THE APOCALYPTIC IS THE MOTHER OF ALL
Jesse Stiles Alexander Panos
The Apocalyptic is the Mother of All Christian Theology 63:52, 2023
A psychedelic portrait of the anticolonial Jewish mystic and founding theorist of Christianity—Paul the Apostle.
“Holy reconstructions of the sons of God, Jim Finn! Our favorite political atomizer gets holy in his new documentary crusade and decides to tell the story of Paul, the apostle who, the cheap internet would say, was “the most ardent propagandist of Christianism.” Finn, alongside artists Linda Mary Montano and Usama Alshaibi, goes all scissorhands using 16mm institutional shorts, board game commercials, cassette tapes, trashy animations and, of course, period performances of not-so-doubtful quality—a rosary of archive footage that evolves in the map of pop culture, its praying and its saints. Psychedelic and ferocious, Finn extracts waste from the 20th century and, Doc Brown-style, uses it to make miracles based on science (that of film) that stare into the future.”
— BAFICI 2023 (Buenos Aires Festival of Independent Film)
The founding theorist of Christianity — Paul of Tarsus — met resurrected Jesus outside Damascus and spent the rest of his life expanding an obscure messianic sect of Judaism to the pagan communities of the eastern Mediterranean. Piecing together propaganda films, VHS tapes, audio cassettess, board games and other detritus from church rummae sales, writer/director Jim Finn is the guide through Paul's life, ideology and influence with the help of animation, video synthesizers and reenactments.
References to Paul’s letters regularly appear with numbers and colons in the bios of professional baseball players and Republican staffers. And each year new books and articles are written about Paul as theologian, worker, feminist & queer ally, Jewish mystic, missionary and rhetorician. But still many of the basic ideas of who he was and what he believed still escape us.
This story is told by creating portraits from his life, obsessions and legends based on the ancient Greek words in his letters: Apocalypsis (unmasking, unveiling, revelation), Charismata (divinely conferred gifts), Porneia (illicit sexual activity weirdly translated as fornication), Ethnos (pagan gentiles), Ekklesia (democratic assembly of believers), Koinonia (fellowship), Stenazo (the groaning pain of laboring through childbirth), Pistis (faithfulness or loyalty) and Parousia (presence of God, the arrival of the Kingdom of God on Earth).
Composer Colleen Burke brought together musicians like Jim White (The Dirty Three) and Munaf Rayani (Explosions in the Sky) for this soundtrack based on 1970s Catholic liturgical music and Nordic metal. The gentle Paul themes with flute, acoustic guitar and mellotron contrasts with the Demonic Roman Empire themes of electric guitar, drums and synth.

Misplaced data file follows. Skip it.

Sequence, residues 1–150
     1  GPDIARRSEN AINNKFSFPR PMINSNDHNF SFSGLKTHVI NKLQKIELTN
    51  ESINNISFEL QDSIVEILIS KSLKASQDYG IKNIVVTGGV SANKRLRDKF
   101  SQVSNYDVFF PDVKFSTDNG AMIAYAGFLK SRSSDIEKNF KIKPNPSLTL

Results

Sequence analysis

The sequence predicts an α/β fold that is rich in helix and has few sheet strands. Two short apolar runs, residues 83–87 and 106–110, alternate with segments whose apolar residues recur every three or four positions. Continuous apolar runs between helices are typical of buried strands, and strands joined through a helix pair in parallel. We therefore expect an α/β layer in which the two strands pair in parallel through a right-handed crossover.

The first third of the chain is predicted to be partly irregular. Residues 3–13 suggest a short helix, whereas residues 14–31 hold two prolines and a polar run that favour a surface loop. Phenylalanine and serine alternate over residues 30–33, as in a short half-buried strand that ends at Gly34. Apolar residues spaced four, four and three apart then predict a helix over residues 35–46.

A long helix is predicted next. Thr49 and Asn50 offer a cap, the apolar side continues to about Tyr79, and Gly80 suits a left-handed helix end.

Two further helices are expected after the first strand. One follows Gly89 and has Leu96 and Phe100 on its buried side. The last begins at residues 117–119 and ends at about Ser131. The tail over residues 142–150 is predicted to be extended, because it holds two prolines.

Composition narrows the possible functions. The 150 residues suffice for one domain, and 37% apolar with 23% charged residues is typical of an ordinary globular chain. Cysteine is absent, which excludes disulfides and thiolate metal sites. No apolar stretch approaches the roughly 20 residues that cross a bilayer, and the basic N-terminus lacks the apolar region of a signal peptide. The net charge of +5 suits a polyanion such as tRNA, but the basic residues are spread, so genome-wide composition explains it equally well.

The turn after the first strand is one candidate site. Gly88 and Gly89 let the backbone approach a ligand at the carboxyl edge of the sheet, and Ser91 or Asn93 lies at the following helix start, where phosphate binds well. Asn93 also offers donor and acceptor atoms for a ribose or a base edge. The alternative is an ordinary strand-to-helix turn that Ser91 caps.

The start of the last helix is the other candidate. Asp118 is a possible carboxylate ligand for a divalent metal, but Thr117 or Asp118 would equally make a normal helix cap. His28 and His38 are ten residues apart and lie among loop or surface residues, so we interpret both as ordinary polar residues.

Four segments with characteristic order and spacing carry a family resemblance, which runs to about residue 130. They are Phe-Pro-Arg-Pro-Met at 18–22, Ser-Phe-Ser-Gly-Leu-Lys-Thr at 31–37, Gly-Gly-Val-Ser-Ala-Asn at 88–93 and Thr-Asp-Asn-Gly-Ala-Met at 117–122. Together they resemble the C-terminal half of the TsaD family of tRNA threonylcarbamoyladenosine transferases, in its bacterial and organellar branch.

"Surveying the legacy of the Civil War through the strange remnants that linger in American society, The Annotated Field Guide Of Ulysses S. Grant is an essay film with bite, understatedly but convincingly arguing that the Confederacy’s great shame has yet to be expunged from the national consciousness. Filmmaker Jim Finn details the journey US General Ulysses S. Grant underwent to systematically crush the Confederate army, but this isn’t a documentary about military tactics. Rather, Finn photographs the war’s most famous battlefields as they appear now, as well as explores the odd ways that the country has memorialised the conflict, including through boardgames and bubblegum cards. Told in nine chapters and a damning coda, The Annotated Field Guide may initially seem playful, but the seriousness of purpose becomes evident soon enough...." —Tim Grierson in Screen Daily
Paste Magazine: The 25 Best Documentaries of 2020
"...As the contrast between the images and narration starts to develop, Finn arrives at something. He films ruins, monuments and battlefields in their current state, and it is in these visits to places like Stone Mountain up the tram, and stop-motion board games and bubblegum cards, where Finn finds a perspective beyond a corrective history lesson: the cheap commodification of Southern history, sanitized and glazed with a sort of he-man plasticity, revealing the strange ways our culture can present the past as benign myth when its direct effects are still readily observed..." —Daniel Christian